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The Future of Mental Health Licensing

State-based licensure is the required credentialing method for mental health professionals in the United States. Yet, it falls short of its principal goal—to protect the public. What might a different form of licensure look like?

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State licensure doesn’t need to be the mechanism by which mental health professionals are deemed worthy to practice forever. This ebook examines a number of potential alternative structures to the current practice of state-based licensure. 

These potential alternative structures represent varying degrees of structural shifts to how new therapists are authorized to provide services. They also seek to resolve some of the current issues with state-based licensure without compromising high professional standards and mechanisms for public protection. This ebook doesn’t advocate for any specific structure, but rather aims to inform readers of the possibilities for professional credentialing structures in mental health care. 

For decades, state licensure has been regarded as a key marker of legitimacy for mental health professionals. More than 500,000 US mental health professionals hold state licenses in the fields of psychology, clinical social work, counseling, and family therapy. Licensure continues to grow and expand as more fields—including art therapy, substance-abuse counseling—seek state licensure around the country. 

Most state licensure laws serve two distinct legal functions—title protection and practice protection. Title protection ensures that no one can use a professional title like “psychologist” in marketing services to the public unless that person holds the appropriate license. This helps create a clear and consistent public understanding of what that title means. Practice protection ensures that no one can perform services as a mental health professional unless that person holds an appropriate license. Even someone calling themselves a “coach” or “consultant” may still face legal action for practicing without a license if they asses, diagnose, or treat mental illness within their work. 

In order to earn state licensure, mental health professionals typically must successfully complete—a graduate degree, supervised experience, and licensure exams. Given these common requirements, many professionals understandably wonder why state licensure couldn’t be replaced with a national licensure. However, this appears to be precluded by the US Constitution, which generally leaves the regulation of intrastate commerce up to the individual states. 

Since each state has developed its own licensure standards, minor differences between states often make it difficult for a professional to move from one state to another, or to continue working via telehealth with a client who travels to a different state.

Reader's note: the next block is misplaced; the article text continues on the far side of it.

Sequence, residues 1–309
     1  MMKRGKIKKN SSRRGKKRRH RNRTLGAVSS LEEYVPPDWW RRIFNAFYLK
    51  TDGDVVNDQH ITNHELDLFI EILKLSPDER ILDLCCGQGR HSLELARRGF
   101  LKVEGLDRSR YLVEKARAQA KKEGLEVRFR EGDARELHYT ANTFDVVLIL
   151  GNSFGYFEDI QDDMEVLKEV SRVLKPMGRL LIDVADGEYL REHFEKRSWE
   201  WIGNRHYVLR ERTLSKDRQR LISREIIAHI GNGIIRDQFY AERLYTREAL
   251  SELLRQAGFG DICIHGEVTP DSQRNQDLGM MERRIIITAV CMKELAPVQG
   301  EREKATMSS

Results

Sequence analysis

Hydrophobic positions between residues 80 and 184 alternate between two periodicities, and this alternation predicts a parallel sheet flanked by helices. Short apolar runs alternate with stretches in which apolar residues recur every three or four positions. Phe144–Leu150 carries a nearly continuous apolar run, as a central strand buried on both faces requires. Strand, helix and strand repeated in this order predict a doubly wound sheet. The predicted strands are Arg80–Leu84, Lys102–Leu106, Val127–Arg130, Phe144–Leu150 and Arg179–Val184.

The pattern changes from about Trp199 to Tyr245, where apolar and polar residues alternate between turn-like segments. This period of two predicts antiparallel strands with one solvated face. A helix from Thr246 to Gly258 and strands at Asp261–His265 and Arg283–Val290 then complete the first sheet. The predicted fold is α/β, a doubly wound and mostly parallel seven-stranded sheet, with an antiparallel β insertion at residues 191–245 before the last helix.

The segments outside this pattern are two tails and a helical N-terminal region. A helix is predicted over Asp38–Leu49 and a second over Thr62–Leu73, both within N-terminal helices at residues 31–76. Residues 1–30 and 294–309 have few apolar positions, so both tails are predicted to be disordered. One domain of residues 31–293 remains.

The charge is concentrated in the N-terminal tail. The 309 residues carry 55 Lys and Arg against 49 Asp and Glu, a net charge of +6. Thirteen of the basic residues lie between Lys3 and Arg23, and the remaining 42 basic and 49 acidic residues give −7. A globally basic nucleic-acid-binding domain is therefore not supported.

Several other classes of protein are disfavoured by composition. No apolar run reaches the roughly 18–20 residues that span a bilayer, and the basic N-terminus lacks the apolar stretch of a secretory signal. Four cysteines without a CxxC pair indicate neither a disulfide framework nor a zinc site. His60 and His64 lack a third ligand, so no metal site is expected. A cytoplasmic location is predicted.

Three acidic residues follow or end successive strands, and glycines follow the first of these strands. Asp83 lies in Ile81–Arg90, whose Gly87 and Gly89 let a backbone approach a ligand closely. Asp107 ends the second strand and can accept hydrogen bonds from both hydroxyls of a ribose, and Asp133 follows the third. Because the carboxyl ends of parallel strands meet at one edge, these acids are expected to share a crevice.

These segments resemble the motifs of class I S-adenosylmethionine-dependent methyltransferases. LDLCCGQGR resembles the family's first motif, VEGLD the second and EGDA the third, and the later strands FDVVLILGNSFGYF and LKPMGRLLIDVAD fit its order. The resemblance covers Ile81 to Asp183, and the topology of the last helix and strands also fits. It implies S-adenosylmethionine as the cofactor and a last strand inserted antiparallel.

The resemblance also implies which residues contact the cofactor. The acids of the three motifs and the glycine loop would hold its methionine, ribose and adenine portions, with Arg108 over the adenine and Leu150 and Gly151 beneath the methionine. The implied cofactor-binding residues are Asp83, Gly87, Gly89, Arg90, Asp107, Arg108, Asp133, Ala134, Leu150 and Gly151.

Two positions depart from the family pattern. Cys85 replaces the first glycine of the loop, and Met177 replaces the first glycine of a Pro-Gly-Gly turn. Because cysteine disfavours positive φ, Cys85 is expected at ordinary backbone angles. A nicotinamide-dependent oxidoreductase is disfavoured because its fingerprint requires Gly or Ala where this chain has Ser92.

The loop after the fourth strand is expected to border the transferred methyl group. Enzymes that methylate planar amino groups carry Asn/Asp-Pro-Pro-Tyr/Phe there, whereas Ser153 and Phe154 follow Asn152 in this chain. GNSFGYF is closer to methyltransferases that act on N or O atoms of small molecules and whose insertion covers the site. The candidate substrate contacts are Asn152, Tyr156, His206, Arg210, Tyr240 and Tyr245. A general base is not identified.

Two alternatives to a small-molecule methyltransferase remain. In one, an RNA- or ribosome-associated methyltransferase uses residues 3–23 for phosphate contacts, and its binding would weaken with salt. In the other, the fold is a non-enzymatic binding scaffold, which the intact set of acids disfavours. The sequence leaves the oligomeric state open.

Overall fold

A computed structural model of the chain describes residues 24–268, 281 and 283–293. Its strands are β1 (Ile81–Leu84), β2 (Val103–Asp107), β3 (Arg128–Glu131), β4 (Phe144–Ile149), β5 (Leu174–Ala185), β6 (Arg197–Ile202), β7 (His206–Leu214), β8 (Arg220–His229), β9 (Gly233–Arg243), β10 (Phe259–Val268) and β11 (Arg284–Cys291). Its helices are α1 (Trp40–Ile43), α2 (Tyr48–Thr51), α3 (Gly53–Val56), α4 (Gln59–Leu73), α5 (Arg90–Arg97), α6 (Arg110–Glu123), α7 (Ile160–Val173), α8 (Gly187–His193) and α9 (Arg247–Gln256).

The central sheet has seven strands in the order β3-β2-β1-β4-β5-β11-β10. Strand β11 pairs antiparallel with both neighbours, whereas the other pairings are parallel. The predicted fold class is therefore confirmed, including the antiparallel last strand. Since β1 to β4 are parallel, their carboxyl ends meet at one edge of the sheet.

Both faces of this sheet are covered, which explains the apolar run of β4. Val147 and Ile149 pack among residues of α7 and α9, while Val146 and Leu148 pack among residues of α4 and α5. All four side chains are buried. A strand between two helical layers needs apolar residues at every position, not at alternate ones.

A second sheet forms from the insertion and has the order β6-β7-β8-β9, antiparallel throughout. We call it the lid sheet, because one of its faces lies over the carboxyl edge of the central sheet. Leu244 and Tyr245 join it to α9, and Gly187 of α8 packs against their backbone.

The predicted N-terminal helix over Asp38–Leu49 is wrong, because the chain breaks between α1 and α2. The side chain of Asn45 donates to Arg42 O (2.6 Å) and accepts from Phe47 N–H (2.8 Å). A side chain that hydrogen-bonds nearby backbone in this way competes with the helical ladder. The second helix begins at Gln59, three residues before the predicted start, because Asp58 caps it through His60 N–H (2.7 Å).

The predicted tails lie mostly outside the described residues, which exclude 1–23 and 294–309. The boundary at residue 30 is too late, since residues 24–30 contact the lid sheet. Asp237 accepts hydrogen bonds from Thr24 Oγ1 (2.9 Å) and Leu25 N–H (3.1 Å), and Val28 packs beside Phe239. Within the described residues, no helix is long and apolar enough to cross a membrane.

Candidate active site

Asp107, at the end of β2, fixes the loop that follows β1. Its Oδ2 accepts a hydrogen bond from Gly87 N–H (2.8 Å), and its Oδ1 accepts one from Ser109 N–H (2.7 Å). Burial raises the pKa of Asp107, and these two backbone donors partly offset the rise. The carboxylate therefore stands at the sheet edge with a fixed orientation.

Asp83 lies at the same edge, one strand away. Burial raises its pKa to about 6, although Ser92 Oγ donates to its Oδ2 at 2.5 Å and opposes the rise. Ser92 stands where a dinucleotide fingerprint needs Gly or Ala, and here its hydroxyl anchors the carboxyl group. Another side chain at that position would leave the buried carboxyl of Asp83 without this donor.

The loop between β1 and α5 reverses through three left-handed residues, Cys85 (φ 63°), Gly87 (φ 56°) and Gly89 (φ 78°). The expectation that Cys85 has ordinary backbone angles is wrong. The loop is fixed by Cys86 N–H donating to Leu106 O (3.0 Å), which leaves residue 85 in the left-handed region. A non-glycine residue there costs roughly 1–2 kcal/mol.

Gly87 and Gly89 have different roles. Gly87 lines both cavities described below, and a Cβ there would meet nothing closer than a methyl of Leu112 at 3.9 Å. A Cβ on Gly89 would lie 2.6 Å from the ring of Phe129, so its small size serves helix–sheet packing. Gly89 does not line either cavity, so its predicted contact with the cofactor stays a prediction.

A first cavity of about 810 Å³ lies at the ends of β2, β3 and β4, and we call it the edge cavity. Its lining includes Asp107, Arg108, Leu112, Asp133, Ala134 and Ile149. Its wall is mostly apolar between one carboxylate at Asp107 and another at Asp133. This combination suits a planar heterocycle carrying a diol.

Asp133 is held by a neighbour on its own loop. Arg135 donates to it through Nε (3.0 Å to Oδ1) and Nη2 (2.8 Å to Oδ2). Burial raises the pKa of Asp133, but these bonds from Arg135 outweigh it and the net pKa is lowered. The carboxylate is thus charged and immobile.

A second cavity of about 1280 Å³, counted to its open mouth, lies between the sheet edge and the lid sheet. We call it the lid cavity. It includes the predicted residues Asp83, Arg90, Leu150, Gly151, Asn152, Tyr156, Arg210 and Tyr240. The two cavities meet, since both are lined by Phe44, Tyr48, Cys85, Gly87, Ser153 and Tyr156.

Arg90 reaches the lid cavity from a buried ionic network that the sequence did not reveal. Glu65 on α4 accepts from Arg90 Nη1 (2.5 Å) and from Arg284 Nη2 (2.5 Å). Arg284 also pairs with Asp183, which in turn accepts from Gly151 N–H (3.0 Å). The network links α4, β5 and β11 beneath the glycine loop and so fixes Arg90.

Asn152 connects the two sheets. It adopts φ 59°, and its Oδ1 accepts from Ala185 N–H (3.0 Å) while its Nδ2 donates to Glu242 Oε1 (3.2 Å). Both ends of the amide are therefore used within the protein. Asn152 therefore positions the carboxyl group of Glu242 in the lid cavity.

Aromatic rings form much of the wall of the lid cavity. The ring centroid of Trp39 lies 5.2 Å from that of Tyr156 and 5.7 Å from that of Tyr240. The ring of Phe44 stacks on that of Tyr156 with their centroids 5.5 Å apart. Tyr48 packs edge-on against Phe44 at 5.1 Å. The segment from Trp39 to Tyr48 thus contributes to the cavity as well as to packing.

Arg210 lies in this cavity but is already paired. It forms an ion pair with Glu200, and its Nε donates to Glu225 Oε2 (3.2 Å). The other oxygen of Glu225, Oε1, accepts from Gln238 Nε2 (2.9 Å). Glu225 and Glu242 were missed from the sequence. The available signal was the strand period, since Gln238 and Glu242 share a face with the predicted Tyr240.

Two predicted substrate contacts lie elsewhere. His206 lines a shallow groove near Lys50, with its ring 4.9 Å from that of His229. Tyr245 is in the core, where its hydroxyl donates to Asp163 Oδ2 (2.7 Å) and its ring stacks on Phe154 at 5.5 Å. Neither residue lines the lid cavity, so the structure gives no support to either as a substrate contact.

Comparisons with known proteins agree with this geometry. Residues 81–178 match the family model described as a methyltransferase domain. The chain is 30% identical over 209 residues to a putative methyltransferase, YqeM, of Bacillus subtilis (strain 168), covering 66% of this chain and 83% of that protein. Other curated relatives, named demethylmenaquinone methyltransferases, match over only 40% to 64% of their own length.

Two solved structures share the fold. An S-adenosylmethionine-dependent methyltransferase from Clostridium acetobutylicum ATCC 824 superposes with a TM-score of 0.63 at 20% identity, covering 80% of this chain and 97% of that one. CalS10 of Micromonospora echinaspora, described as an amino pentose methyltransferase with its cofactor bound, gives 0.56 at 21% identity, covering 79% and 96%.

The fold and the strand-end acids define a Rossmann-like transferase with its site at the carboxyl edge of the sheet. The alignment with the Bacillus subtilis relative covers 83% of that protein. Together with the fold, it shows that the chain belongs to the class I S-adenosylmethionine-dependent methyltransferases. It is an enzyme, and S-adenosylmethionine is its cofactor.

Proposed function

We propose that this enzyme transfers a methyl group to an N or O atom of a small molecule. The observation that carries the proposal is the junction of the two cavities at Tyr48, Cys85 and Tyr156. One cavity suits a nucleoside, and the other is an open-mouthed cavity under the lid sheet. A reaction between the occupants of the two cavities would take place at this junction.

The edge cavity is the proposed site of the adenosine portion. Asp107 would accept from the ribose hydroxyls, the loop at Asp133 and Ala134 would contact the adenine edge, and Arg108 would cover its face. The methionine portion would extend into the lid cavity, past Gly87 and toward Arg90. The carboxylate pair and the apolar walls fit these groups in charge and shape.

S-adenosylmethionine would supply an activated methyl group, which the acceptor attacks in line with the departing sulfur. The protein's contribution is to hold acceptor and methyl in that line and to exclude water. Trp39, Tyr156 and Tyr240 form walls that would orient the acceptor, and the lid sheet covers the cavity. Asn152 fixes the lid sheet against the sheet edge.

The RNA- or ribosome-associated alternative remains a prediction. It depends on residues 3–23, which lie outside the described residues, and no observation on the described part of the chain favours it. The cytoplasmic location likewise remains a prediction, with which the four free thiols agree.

While state licensure is widely regarded as the industry standard, it’s also been criticized as a system that limits mobility, raises prices, and limits customer choice—without public benefits. 

A 2015 government report noted that occupational licensing can inhibit innovation. This system also has outsized negative impacts on military spouses, immigrants, individuals with criminal records, and other marginalized groups. 

State licensing boards are also sometimes seen as worthwhile targets for government cost-cutting efforts. Several state lawmakers have proposed combining or eliminating state mental health licensing boards in recent years. The professions regulated by these boards have been able to mount successful advocacy efforts to preserve their boards, but such efforts take time and resources away from the other advocacy goals. 

Some mental health professionals see the regulations imposed by their licensing boards are stifling creativity and innovation in their clinical work, and prefer to conduct that work outside of licensure. Many appear to be turning to professional coaching, which doesn’t use protected titles, and seek to remain outside the scope of practice of licensed mental health professionals.

In short, policymakers and mental health professionals are questioning the supposed benefits of licensure, and reconsidering whether those benefits outweigh the drawbacks of regulating mental health professions through occupational licensing. 

There’s a reason we have the licensure system we have today, but intentions don’t always yield the desired results. State-based licensure was intended to protect the public, uphold a certain professional standard, establish stature within the industry, boost professional pay, create a framework for insurance reimbursement, and control who enters the profession. 

To learn more about the intended benefits of licensure and why the current system is broken, download our free ebook today.

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